Intel builds software engine to shrink laptops and mobiles
Less becomes more
Intel has given a glimpse of the software its building so mobile computers can detect and communicate with a variety of devices, reducing the size of machine you need to lug about.
Lester Memmott, a senior architect in Intel's software pathfinding and innovation group, has revealed the existence of an experimental context-aware computing engine that could provide the framework for this next generation of mobile devices and applications.
Memmott said his team has built a running prototype with a plug-in architecture that can accept data from a variety of different sources. The data schema is extensible so third-party developers can add further data sources. The context-aware computing engine prototype includes a data collection mechanism (called an aggregator) and a programmable analyzer that can take decisions based on the context data.
The idea is that if you walked into a coffee bar that has WiFi access and there's an HD screen then your mobile device could detect the screen and format data such as pictures to suit, and that you'd then be able to transmit and display these pictures.
Intel's so-called Carry Small, Live Large vision for mobile computing is built on context-aware concepts that have been developed during the last decade, and that it hopes will drive the idea of small yet powerful portable devices capable of working with keyboards, mice, audio systems, high-definition televisions and other external digital resources. Intel used last week's Intel Developers Forum in Shanghai, China, to describe CSLL.
Elsewhere, Intel is exploring a concept called Dynamic Composable Computing to enable mobile devices to link to available resources easily.
The big worry is that some folk might use this technology as a modern equivalent of the slide projector and bore us all stupid with their holiday snaps in bars and restaurants.
Hmm, could be interesting..
Imagine a hypothetical situation. My mobile operator uses Phorm (I haven't heard of any mobile operators that do this, but it's feasible).
I start looking at some porn one day, then go out to meet a friend. I notice that the cafe we have agreed to meet in has a communal screen using this tech.
When she arrives, I want to show her a new web site I have found, and my phone screen is a little small, so I connect to the communal screen. All of a sudden, ads for loads of porn sites come up..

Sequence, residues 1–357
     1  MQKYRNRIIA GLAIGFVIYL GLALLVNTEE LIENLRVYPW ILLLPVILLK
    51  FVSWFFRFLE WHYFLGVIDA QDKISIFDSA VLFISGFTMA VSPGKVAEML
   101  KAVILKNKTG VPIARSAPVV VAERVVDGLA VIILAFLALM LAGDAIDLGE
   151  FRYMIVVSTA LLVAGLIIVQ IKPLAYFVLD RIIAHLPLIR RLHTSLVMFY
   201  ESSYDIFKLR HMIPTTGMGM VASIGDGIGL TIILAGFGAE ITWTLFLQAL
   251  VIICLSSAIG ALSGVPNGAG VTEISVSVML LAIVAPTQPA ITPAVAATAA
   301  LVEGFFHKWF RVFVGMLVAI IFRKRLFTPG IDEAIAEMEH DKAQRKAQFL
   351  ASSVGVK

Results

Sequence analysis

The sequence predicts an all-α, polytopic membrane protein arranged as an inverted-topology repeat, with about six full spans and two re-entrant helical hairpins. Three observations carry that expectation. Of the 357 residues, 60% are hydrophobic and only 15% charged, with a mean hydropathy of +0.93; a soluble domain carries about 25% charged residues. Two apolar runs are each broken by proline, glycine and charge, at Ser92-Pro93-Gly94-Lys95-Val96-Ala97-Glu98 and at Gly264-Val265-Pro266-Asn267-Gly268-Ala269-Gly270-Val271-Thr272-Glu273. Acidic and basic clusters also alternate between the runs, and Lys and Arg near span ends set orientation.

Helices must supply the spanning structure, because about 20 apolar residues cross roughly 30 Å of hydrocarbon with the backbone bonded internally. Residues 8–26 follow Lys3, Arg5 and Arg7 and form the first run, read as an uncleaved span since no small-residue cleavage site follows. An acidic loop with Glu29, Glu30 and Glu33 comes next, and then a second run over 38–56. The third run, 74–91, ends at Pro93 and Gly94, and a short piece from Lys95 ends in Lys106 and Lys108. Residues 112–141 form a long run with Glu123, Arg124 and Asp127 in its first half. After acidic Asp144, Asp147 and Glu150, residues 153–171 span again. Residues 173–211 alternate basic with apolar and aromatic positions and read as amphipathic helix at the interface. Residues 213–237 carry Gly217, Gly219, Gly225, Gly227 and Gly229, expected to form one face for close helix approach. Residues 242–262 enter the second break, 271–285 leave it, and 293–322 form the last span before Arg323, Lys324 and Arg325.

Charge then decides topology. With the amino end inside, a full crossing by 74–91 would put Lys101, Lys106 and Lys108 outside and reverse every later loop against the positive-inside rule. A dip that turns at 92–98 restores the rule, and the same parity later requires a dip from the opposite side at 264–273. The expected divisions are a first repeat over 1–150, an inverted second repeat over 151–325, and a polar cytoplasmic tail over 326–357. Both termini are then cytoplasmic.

Anyone still think the tech is a good idea?
Ok, how about this? Someone writes a virus to exploit it. Your phone gets the virus, and starts making thousands of calls to premium rate phone lines, or sends 1000s of premium rate texts/messages.
Still think it's a good idea to use it?
Apart from that, what *exactly* does the system do that Bluetooth can't? OK, Bluetooth 1 doesn't have enough bandwidth for video streaming, but Bluetooth 2 does.
Perhaps someone may well make this work, but to me it seems too hard to sort out all the social problems, like hogging the display, running down someone else's battery by offloading computations to them on the sly, stuff like that.
>The big worry is that some folk might use this technology as a
> modern equivalent of the slide projector and bore us all stupid
> with their holiday snaps in bars and restaurants.®
Dude... if I could, I'd have my future Boss' PDA automatically display nudies everytime he passed a compatable screen. >WEG<
For the love of god man
Ok, anyone want a nickel bet on how long it takes before a "context aware" bagel toaster infects your system with the storm worm? And the idea of wireless smart displays and keyboards on loan at every java stop might sound good to these head-in-the-smoke-cloud potheads, even if i wished to ignore the obvious risk of allowing somone elses gear to wirelessly sieze my display, keyboard or mouse inputs, and key loggers, malware and spyware...
Who would want to TOUCH a communal keyboard. I surely don't relish hopping a grungy, greasy, beat up keyboard that was just man handled by Joe Java to dowload some Pr0n before and AFTER he popped off to the men's room...
Whoever's job it was to review these ideas at Intel marketing need to be SHOT.
It's a small price to pay if it enables the following:
A large group of students are in a bar/cafe all with laptops. A blockbuster video is showing on the screen.
The MPAA/RIAA are foaming at the mouth because they can't find out which student is making the 'public performance' - every one of them has a legit copy on his/her laptop :)